PART ONE: "WOULD I LIE TO YOU?"
I did, actually.
But I did not mean to.
On this page [click here to go there and see the lie] I asserted that I have covered essentially the entire McKittrick Trail, from the McKittrick Canyon entry point to the Tejas Trail junction, and then on the Tejas Trail to the Dog Canyon entry point.
On the page linked above I showed two photos, and suggested that where the trail disappears in an upward direction in the one photo----
is essentially where it disappears in the downward direction in the other----
Turns out that was a lie.
Turns out there is a sizable distance between the trail that disappears in the one photo and the one that disappears in the other photo. Maybe about three miles of distance and about 800 feet of elevation, in fact.
This photo, taken on a different hike on June 8th, shows that where the first photo's ridge ends, another mountain begins with many switchbacks, and even it is not yet the final destination. It is not McKittrick Ridge, not yet, that destination ridge is an additional mile or two and an additional 400 to 600 feet in elevation rise:
Today we cover much of that missing distance, but still not all of it. It is going to take one more try. I will be coming in from Dog Canyon this next time, because the McKittrick Canyon route with its restricted hours does not leave me enough time to complete this walk (I am slow).
I did this second walk, about 14 miles and 11 3/4 hours, for me, on June 8th, 2013. Elevation gain was over 1500 feet (500 m) with two descents that had to be made up, one of 300 feet (100 m) the other of 400 feet (130 m). Of course this does not count the continual ups and downs of any mountain trail, just the larger ones.
As I have warned: I am slow compared to the young people that passed me by both coming and going on the first hike. On the second hike I never saw a soul for the entire time. Great solitude, but a bit worrisome if there is an accident.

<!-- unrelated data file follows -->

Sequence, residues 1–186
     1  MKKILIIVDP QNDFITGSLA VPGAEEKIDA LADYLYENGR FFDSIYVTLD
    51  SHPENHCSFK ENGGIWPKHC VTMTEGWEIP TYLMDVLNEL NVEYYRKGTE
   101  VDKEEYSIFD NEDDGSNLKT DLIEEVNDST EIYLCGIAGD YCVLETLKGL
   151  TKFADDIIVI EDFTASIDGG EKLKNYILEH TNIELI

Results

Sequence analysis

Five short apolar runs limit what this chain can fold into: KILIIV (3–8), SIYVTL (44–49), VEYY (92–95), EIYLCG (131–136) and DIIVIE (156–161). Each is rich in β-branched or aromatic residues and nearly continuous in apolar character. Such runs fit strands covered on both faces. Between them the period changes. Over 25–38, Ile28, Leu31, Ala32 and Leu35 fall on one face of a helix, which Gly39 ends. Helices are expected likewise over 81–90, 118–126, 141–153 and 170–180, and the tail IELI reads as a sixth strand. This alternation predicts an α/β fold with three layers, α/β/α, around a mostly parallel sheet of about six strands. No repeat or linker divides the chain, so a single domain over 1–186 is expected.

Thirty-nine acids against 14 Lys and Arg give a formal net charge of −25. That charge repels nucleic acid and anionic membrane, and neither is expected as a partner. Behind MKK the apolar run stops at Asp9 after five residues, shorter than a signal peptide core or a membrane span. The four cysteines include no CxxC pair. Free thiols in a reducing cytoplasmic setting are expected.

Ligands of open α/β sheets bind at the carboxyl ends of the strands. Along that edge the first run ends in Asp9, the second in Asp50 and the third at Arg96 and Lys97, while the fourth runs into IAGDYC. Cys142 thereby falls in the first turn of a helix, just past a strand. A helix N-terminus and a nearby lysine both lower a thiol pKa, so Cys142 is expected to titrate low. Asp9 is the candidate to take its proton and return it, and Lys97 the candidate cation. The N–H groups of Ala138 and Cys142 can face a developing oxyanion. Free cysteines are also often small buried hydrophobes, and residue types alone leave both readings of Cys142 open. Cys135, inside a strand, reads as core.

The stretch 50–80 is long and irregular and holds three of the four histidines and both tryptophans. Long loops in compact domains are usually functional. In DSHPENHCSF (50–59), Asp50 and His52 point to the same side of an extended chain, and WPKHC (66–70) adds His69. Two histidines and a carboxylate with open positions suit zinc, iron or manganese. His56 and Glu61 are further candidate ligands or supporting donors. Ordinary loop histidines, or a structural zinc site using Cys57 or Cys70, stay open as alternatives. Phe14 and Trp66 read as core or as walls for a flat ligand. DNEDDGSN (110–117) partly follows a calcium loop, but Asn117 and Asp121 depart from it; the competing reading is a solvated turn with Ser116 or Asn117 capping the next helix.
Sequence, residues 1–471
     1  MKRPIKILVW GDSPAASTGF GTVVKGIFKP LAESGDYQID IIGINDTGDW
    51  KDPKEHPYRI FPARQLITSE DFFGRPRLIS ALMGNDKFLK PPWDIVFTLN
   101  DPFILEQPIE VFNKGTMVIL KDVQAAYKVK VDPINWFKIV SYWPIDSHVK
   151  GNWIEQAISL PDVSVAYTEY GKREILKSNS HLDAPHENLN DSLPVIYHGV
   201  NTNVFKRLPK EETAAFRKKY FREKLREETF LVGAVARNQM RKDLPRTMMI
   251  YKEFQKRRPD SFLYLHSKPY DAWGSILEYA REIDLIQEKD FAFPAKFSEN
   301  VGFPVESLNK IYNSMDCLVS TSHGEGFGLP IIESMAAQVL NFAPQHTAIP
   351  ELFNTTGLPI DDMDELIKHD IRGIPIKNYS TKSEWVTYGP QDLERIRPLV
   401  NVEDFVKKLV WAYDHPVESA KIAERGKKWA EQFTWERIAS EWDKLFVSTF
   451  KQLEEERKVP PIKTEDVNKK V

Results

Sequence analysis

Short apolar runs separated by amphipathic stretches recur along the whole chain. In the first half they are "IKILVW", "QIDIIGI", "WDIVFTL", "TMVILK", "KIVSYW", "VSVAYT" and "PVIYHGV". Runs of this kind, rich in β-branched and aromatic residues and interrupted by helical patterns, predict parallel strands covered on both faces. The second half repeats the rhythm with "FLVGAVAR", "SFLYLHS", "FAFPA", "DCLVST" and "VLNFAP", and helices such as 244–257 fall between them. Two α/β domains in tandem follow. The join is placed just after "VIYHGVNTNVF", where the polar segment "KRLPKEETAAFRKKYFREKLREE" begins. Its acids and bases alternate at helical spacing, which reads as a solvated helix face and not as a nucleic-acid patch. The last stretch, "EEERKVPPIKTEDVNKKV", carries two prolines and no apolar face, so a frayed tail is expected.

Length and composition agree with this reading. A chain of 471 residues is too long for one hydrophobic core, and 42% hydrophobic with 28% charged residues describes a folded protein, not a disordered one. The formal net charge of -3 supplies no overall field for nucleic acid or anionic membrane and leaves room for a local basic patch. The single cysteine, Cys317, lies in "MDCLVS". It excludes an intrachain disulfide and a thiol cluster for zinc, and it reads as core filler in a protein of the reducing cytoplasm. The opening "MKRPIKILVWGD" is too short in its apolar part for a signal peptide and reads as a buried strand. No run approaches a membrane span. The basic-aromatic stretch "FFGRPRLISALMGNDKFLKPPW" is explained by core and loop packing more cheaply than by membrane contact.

Coming in from the McKittrick Canyon side made it an 11-mile round trip with about 2,000 feet of elevation gain. [What these younger, stronger people did was 14 miles of round trip with more than 2,400 feet of elevation gain.] It took me 9.5 hours and when the time came to close the gate to McKittrick Canyon I scooted out 2 minutes early (if they lock you in, the fine is hundreds of dollars to let you back out, and calling someone is a challenge, no cell-phone service!).
CONFESSION of stupidity:
I did NOT pack enough water, so was dehydrated when I came out. On the way home I drank water from a water fountain off and on for almost 20 minutes at a Texas highway rest stop, half hour later bought 3 drinks at a market about 20 miles from home, and finished them all before I got home. Blood pressure quite low and weight down for two days because of water loss. NOT GOOD!!
It was 100 F (38 C) in the lowlands, and I thought the mountains would be much cooler. They were cooler, but still very warm, and the grades were quite steep, so I sweat like crazy and drank all I carried slowly to make it last, but too slow to keep me hydrated. Let that be a lesson to me! Took three days to return all systems to normal.
I do learn, however. On my walk up from the Dog Canyon side, I still had one bottle of water left when I was done. Drank 5 water bottles and two 32. oz. Gatorades. Good boy.
So, let's get started from the McKittrick Canyon side first and visit my favorite Madrone tree close to the entrance of the canyon. It has quite a family and several healthy neighbors:
Another favorite scene is the first creek crossing:
On the way up the canyon I wondered which ridge on the right would be the one I would climb: turns out it the one in the center of the photo, the one with the thumb from which there is a mild descent and then a final climb up McKittrick Ridge, on the right.
The point of this particular walk was to get beyond where that photo at the start of this page shows I stopped the last time I came from this direction. So there will be few photos until we get to that point.
But few is not zero, and I could not pass up several scenes along the way like this flowering agave (century plant, it stores food for 20 to 30 years and sends up this huge shoot that flowers, and then the plant dies -- typically surrounded by its vegetatively propagated offspring):
When the trail starts to do some serious climbing, its vegetation is quite lush. This was my first rest stop:
It wasn't long before we reach the Notch from this point. From here we will look back:
We have a way to go yet before the previous turnaround point, a steep way but on a decent trail (thank you trailmakers!) so we will still keep photos to a minimum until we get there on the next page.
Go to Part Two: Reaching the former turnaround point
Go to Part Three: Over the ridge and up a mountain
Go to Part Four: Decision/turnaround point
Go to Part Five: The "Siege Tower" Approached from the Dog Canyon side
Go Back to Texas Home Page
Go Back to 2013 Yearbook Page
Go Back to ThoughtsandPlaces.Org Home Page